Another familiar tripping point is the lack of a recommendation for a specific product. You might receive a laundry list of ASTM (American Society for Testing and Materials) movement requirements, but no tool for execution.

Other common causes of subpar specifications include:

  • Repetitive copy-pasting of recs that poorly fit the current project’s needs
  • Reliance on outdated info – including products that no longer exist!
  • Discrepancies between project drawings & specs
  • Inconsistencies across guidelines & codes

Lead Time Issues

Context may matter to you, but some of it may be lost in translation on the specifier’s side. From a procurement or application standpoint, your results may suffer if the product:

  • Isn’t sold through distribution
  • Comes from the West Coast
  • Is otherwise difficult to source 
  • Performs poorly vs. a newer/better alternative

Construction-specifications_Man-on-phone-looking-at-watchThis speaks to a larger problem. There's been a lot of consolidation lately in the construction product manufacturing space. That means product lines get “rationalized” (put out to pasture).

Where the Distributor Comes In

The more complete the contract, the more accurately your company can complete a build and less questions arise beforehand. Think about it – have you ever been angry that a specifier provided too much context?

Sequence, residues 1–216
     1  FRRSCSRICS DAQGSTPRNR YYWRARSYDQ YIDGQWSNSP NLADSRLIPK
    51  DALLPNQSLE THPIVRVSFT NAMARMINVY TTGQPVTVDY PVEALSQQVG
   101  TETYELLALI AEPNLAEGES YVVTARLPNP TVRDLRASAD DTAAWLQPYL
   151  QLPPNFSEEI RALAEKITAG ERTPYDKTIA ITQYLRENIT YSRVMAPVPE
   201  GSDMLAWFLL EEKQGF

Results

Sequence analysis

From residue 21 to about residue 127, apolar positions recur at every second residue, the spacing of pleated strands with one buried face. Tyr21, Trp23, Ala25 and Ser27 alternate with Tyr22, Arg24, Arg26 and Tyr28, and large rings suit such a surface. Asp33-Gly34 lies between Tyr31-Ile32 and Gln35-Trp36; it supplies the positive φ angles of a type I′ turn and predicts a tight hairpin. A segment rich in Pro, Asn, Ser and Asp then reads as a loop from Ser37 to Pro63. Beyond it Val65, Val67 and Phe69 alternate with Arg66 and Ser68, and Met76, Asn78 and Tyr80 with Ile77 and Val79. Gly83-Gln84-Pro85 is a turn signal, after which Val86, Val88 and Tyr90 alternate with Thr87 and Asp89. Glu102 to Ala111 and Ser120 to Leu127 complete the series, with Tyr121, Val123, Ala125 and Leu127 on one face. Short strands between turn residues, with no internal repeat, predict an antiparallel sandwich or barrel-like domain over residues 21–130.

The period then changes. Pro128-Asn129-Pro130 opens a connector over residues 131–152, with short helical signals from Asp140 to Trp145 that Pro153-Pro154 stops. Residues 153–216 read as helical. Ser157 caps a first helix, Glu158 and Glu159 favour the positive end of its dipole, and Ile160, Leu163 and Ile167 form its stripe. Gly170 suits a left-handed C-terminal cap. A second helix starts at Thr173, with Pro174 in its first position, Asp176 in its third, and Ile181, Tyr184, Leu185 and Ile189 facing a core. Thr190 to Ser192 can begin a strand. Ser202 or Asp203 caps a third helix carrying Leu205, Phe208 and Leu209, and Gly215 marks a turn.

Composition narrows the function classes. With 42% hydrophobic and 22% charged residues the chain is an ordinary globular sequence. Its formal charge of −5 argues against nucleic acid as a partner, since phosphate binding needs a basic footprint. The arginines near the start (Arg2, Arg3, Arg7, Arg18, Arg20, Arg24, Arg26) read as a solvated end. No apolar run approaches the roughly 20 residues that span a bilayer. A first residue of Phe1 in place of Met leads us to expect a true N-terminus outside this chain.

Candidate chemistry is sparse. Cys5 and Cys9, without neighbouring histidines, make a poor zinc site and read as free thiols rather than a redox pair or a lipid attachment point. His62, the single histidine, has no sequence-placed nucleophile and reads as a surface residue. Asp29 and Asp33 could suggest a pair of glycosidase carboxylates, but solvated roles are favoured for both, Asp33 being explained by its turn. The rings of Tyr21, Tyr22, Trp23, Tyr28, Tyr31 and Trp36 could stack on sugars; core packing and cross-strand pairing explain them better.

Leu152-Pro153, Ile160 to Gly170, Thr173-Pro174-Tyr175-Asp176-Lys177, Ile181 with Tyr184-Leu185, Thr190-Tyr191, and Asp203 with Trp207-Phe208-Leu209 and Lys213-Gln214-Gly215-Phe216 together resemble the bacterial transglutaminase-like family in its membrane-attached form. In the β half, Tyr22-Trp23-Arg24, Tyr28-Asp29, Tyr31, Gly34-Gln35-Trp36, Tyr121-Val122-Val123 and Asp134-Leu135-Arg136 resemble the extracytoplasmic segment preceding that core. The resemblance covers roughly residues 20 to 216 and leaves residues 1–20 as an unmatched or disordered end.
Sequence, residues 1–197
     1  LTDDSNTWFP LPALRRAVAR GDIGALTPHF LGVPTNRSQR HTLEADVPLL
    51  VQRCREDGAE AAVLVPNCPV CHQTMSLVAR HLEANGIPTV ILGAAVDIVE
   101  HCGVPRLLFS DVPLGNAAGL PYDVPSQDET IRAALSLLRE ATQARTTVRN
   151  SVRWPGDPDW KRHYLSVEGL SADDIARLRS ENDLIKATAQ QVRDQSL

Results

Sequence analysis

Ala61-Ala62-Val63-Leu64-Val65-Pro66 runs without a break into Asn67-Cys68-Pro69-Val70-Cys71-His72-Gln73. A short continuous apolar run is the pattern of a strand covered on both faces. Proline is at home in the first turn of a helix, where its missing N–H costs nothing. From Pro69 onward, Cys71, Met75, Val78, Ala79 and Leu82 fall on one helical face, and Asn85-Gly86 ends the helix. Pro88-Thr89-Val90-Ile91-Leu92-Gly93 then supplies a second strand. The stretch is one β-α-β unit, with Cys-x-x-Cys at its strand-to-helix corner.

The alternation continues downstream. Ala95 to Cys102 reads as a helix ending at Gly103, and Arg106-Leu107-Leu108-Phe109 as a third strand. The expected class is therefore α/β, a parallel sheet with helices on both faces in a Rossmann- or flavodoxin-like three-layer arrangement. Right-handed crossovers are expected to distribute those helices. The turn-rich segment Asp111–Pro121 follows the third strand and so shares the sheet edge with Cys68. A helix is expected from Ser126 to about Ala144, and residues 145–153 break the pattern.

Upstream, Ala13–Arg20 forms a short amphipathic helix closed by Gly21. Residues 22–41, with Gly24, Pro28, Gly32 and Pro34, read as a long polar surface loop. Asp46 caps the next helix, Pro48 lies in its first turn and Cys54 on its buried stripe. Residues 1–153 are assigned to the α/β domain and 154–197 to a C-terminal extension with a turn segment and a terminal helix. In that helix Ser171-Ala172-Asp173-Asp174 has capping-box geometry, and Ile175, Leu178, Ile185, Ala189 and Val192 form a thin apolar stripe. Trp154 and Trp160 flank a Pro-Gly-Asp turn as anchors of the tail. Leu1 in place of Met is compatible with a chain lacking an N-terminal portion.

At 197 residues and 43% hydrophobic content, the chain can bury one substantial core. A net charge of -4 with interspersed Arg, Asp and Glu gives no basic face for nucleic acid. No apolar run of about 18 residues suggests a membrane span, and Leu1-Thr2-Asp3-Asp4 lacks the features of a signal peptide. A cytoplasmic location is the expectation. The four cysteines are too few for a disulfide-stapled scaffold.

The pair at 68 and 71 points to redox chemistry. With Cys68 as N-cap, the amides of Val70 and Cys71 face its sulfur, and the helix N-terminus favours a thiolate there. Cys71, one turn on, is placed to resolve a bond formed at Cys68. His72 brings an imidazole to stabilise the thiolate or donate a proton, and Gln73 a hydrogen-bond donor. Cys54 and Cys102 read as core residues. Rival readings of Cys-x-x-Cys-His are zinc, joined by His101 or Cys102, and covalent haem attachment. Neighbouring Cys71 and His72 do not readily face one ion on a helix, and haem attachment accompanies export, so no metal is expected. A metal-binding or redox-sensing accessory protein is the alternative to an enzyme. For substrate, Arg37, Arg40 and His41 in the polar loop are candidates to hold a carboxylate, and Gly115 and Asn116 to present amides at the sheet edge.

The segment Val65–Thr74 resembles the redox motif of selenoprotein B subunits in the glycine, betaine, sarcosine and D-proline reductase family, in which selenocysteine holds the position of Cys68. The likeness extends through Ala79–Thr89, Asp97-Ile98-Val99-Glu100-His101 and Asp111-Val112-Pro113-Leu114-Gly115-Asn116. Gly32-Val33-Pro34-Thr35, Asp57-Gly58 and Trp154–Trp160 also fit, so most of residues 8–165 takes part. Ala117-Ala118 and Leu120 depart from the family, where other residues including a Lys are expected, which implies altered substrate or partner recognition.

As a neutral participant, distributors can add that crucial context as you’re putting together your bid or solving for performance-based specification. Here’s how you’ll benefit:

Product Knowledge

Material selection and application is arguably the backbone of specification. Product choices impact your ability to match the designer’s goals for durability, functionality, and meeting codes and standards.

A distributor that employs technical product experts can offer necessary clarity for material qualities, availability, application methods, and testing criteria. 

Efficient Sourcing

There’s no replacement for experience.

Longtime distributors come baked-in with knowledge of what page and paragraph important details are on. In other words, they can almost instantly ID the product for which a spec was written. This partner can also interpret complex or vague aspects of construction specifications, reducing the risk of using the wrong material.

Because it keeps an industry-wide eye on market availability and pricing, a distributor can also make cost-effective recommendations, balancing quality, delivery date, and budget.